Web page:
EXCLUSIVE: Renderings of 18-Story Rutgers-Newark Redevelopment Released

155 Washington Street Rutgers Newark 2
Revealed: Rutgers University-Newark redevelopment project, 155 Washington Street, Newark. Rendering via Inglese Architecture + Engineering.

More than a year after we first revealed that there were plans to bring major changes to a property in Downtown Newark, Jersey Digs has learned new information about the $73 million transformation that is in the works for 155 Washington Street.

The 18-story building on the Rutgers University-owned property, which was once used as a parking garage, is expected to be adaptively reused by Larchmont, New York-based L+M Development Partners and Newark-based Prudential Financial’s 155 Washington Street Urban Renewal, LLC into a development with between 220 and 225 market-rate residential units, institutional space, and retail space. There are also plans for a new four-story building on the premises with 29 units. Now, under a request that we filed with the public university under New Jersey’s Open Public Records Act (OPRA), copies of the site plans and renderings, along with the ground lease signed by Rutgers and the LLC, have been released.

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155 Washington Street, Newark. Site plan via Inglese Architecture + Engineering.

The renderings, designed by Inglese Architecture + Engineering as part of the developer’s application for Preliminary and Final Site Plan approval, illustrate that the 18-story portion of the 255,616-square-foot project is expected to look vastly different from how the existing building on the premises currently appears, with new windows and an outdoor deck surrounding much of the structure. Rutgers redacted 25 pages of the 37-page proposal that we received, telling Jersey Digs that this was done “to remove information including the building plans and specs which the university does not release due to security concerns pursuant to the security exemption under OPRA.”

Meanwhile, the initial term of the lease is expected to last for 50 years. The LLC was expected to pay Rutgers an initial fee of $225,000 upon the closing of a construction loan, while work on the property was expected to be substantially completed within two years after the date of the closing. The annual rent is expected to start at $225,000 and increase by two percent each year, according to the lease, which was signed by Rutgers University Executive Vice President for Finance and Administration J. Michael Gower and L+M Vice President Jonathan Cortell.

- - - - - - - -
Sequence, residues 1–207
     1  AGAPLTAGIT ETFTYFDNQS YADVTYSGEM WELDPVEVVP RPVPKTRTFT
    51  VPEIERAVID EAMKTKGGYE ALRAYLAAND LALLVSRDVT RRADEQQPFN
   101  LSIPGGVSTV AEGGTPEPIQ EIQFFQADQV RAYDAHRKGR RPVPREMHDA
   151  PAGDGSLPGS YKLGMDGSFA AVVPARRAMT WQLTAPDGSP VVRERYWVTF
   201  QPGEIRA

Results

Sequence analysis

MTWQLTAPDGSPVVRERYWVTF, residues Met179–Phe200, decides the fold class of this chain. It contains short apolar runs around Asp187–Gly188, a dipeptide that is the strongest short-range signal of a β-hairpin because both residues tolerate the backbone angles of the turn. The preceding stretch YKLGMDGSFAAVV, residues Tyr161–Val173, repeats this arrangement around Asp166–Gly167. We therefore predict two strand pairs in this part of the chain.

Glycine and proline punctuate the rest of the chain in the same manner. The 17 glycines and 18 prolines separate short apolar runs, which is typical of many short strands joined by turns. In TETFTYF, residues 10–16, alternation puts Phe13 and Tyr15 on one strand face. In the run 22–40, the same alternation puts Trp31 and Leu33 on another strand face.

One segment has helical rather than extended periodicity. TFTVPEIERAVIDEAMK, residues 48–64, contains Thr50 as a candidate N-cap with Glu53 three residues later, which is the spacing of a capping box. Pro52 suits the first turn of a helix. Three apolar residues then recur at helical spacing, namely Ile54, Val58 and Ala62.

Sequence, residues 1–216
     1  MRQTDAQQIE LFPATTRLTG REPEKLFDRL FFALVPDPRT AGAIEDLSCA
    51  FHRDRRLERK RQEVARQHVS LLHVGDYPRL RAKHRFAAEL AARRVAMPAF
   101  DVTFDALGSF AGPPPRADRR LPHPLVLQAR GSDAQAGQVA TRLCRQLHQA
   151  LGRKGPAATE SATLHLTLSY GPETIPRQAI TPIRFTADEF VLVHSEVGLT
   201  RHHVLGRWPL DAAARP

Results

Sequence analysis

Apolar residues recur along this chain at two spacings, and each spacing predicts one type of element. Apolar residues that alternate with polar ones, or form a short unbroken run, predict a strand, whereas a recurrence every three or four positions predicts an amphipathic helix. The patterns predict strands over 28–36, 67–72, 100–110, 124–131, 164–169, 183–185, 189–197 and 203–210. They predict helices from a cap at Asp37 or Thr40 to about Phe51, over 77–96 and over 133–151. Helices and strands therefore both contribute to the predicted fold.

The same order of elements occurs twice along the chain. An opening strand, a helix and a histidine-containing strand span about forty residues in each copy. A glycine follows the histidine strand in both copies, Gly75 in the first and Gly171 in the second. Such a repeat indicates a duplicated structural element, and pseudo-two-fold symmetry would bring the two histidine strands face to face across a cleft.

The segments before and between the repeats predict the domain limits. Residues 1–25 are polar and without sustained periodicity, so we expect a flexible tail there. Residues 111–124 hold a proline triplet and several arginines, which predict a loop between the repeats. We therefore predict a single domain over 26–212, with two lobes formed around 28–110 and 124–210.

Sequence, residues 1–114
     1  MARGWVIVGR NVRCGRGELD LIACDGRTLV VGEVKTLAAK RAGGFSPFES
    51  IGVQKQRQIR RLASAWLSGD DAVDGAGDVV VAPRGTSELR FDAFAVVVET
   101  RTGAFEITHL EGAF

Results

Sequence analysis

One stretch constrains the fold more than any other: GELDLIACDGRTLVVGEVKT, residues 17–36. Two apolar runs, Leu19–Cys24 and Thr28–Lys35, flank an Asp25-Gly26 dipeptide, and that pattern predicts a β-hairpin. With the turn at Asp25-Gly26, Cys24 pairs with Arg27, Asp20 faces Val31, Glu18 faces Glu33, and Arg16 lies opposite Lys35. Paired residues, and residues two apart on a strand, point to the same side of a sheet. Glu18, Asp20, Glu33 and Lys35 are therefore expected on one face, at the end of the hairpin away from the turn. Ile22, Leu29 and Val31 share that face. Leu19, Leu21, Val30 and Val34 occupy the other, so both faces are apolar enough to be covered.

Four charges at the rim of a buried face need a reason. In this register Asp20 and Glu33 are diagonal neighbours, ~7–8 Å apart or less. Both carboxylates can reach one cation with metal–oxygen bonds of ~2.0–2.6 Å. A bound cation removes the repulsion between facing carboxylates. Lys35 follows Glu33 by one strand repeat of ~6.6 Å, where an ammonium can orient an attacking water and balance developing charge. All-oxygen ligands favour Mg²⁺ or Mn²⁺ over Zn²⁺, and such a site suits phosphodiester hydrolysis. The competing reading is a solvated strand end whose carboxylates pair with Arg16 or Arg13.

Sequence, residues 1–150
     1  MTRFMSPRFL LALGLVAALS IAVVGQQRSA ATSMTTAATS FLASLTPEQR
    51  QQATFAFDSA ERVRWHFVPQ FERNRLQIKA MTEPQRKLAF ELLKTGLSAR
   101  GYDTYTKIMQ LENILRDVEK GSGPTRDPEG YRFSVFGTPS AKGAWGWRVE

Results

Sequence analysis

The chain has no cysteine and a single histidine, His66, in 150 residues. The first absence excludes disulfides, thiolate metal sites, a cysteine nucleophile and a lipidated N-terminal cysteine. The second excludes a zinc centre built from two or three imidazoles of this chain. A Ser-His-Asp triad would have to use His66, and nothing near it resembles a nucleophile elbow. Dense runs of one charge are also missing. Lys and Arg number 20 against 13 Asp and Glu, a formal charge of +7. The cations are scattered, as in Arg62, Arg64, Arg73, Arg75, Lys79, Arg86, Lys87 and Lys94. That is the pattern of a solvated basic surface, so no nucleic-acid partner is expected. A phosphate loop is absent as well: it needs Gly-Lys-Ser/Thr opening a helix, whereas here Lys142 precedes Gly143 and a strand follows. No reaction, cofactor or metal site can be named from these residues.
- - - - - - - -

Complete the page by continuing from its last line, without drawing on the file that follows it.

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155 Washington Street, Newark. Elevation via Inglese Architecture + Engineering.

The deal between Rutgers and the LLC bans religious institutions from the building along with businesses such as nightclubs, “salvation army type” stores, “deep discount” businesses like dollar stores, and medical marijuana dispensaries. The lease also mentions that a 4,000-square-foot admissions office and campus welcome center is expected to be situated along Warren Street on the building’s first floor.

Additional documents that we obtained earlier this year from the City of Newark show that plans for the project date back as early as June 2017, when the LLC’s formation was approved by the New Jersey Department of Community Affairs. The plans that we received from City Hall also mentioned that Goldman Sachs might become involved in the project. The development proposal was approved by the Newark Central Planning Board in March 2018 while the Newark Municipal Council approved a financial agreement and tax abatement with the LLC in December 2018.

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155 Washington Street, Newark. Elevation via Inglese Architecture + Engineering.

Earlier this spring, since there are barely any mentions of this development on the Rutgers website and there is no mention of it on L+M’s website despite the project being far from its preliminary stages, Jersey Digs requested a rendering and additional information regarding the plans from Rutgers-Newark spokesperson Peter Englot. However, Englot stated that although the university “will be happy to provide the kind of information you seek later in the development process…at this time it would be premature to provide the kinds of details that you request, as the project continues to be refined.”

As part of our recent OPRA request with Rutgers, Jersey Digs sought the most recent site plans and renderings for the project. All of the documents that were provided are from 2018 and it is unclear how, or if, the project has been refined in the time since.



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